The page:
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In this issue: fall gardening for birds, fresh website updates, and a delicious new challenge.
 

The Dirt: News from YardMap
Joining together to break new ground for birds

September 2012

Hermit Thrush by Robin Arnold
Hermit Thrush eating a wild grape. Photo by Robin Arnold via Birdshare.

Fall gardening for birds

As migratory birds begin to wing their way south, they are busily trying to pack on as much fat as possible while avoiding predators. This is also a time for the gardener to think about fall chores. You might be thinking of cleaning up your flower beds or raking leaves this time of year. As gardeners, we can help ensure that migrants and year-round residents enter the winter months in the best possible condition. Here are some things that you can do now to plump up the birds with fuel for their journey:
  • Leave seedheads on flowers and resist pruning shrubs with persistent fruit, where possible.
  • If pruning is necessary, don't put cut seedheads and/or berry branches in the compost pile. Arrange them in natural bouquets and secure them to a post, fence, or bird feeder.
  • Rather than bagging up fallen leaves, rake them under shrubs or hedges where birds can forage in them for insects. The decomposing leaves will also recycle nutrients to your plants as free mulch.
  • Clean out the contents of your nest boxes with soap and water, and keep them available for winter roosting habitat. Warm birds burn fewer calories.
  • Give your bird feeders their seasonal cleaning, and dry thoroughly before filling them.
  • Now is the time to scope out a local nursery for sales on fall-fruiting shrubs like Viburnum species, dogwoods, crabapples, bayberry, and others that provide food for birds. They may not look like much now, but they'll fill out next year.
Shorter daylight periods and hormonal changes trigger migratory birds to move south for the winter. Providing food and shelter for them won't disrupt this annual behavior or make birds "dependent" on you. In fact, it will give them the energy and safety that they need to travel hundreds, if not thousands, of miles to their winter residence...many of them for the first time in their life. Bid them farewell with these tips, and they may just remember to stop by your place again in the spring.
Website updates let you map happier.
Enjoy easier mapping with these updates to YardMap.

Website updates

We have been working to incorporate feedback provided by participants like you into our newest website updates. Here are some changes you will find on your next visit to YardMap:
  • You can now edit a vertex while you are still drawing. Click, fix, and carry on!
  • Messed up pretty badly? Escape key functionality now gives you a quick way out if you make a mistake.
  • Easily manage your account information by clicking on your user name.
  • Objects, like bird feeders or trees, now have a more intuitive drop location. Drag, drop, done.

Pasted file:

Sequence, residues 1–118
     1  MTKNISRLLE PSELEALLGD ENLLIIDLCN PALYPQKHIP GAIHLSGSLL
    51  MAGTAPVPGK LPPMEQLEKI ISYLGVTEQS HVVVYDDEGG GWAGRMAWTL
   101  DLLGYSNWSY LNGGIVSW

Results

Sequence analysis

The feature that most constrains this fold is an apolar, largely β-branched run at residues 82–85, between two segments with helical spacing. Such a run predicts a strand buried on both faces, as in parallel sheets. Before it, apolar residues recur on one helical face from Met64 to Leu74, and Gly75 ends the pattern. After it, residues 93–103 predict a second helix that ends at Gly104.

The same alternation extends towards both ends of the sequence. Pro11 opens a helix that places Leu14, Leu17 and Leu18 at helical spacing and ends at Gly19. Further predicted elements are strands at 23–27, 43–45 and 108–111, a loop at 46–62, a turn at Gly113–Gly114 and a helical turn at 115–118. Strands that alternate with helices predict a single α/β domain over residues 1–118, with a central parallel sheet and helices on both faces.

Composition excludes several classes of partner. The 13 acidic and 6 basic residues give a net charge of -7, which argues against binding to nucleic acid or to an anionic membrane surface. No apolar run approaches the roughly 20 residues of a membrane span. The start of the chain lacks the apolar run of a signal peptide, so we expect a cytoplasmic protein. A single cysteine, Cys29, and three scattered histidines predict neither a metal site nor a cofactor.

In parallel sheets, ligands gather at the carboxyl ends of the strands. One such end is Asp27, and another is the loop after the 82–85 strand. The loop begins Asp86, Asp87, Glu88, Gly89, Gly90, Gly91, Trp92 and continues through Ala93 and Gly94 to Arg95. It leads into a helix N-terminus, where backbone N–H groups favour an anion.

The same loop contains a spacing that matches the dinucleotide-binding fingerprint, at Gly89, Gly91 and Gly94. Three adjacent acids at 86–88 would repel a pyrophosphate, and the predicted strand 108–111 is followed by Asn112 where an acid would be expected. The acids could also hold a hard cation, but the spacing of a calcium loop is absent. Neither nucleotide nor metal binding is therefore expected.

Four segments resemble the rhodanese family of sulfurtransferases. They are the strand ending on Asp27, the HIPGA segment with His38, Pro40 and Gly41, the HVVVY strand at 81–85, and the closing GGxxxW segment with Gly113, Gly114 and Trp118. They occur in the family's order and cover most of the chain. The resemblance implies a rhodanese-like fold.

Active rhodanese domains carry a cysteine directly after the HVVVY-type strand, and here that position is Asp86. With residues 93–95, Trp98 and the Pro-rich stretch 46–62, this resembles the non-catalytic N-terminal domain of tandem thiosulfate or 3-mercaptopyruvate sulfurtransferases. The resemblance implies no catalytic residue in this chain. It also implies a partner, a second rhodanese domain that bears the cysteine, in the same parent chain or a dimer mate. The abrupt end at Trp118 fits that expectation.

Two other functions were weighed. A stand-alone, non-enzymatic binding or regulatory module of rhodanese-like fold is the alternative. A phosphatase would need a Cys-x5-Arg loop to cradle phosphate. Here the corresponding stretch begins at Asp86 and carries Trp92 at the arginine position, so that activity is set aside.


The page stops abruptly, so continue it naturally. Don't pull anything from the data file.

• Now you can click on the site marker to bring up your site's infowindow.
  • We also fixed some annoying bugs that occasionally caused error messages.
Now is a great time to get back into YardMap and make some updates to your site. As always, we thank you for your patience during our "beta" period. We strive to continually improve the application, and your feedback helps. So keep talking. We're listening.

A Tasty Challenge

Organic Chard
Organic Chard by Suzie's Farm.
Going organic benefits the birds in your yard by reducing their exposure to toxins. We want to see your best home-grown organic veggies or fruits from this summer. Have succulent squashes, excellent eggplants, or tasty tomatoes? You don’t have to share them in real life, just send us a picture!
How to Enter
To participate in this challenge, just make a post in our Challenges blog under the "submit & browse" tab, or in the Community Challenges Group. Include the following information:
  1. A title (e.g., "My blue-ribbon blueberries")
  2. A link to an image of the organic goodness
  3. This series of characters exactly: #myorganicveggie
Don't have anything to share yet? You can learn more about bird-friendly edibles in our Vegetable Gardens article.
Northern Mockingbird and Common Winterberry
Northern Mockingbird on Common Winterberry by Janet Allen.

Featured Site: Stewardship Garden

Our newest featured site was created by Janet Allen of Syracuse, New York. For 12 years, Janet and her husband have worked to create this Stewardship Garden on one-third of an acre in Central New York. Her garden is even certified as a Wildlife Habitat with the National Wildlife Federation! Read her story here, then visit her garden on the map, check out her tiny lawn, and be sure to leave a comment for Janet if something sparks your curiosity. And if you're just getting started as a habitat gardener, especially if you live in the Northeast, visit her website to learn more about the plants and animals she enjoys.

Questions?

  • Ask your question in our tech support community, powered by Get Satisfaction
  • Ask fellow participants your bird and plant questions in The Community, our social network for habitat stewards
  • Email us

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The Cornell Lab of Ornithology is a membership institution dedicated to interpreting and conserving the earth’s biological diversity through research, education, and citizen science focused on birds. Visit the Cornell Lab’s website at http://www.birds.cornell.edu.

Copyright © 2012 Cornell Lab of Ornithology, All rights reserved.

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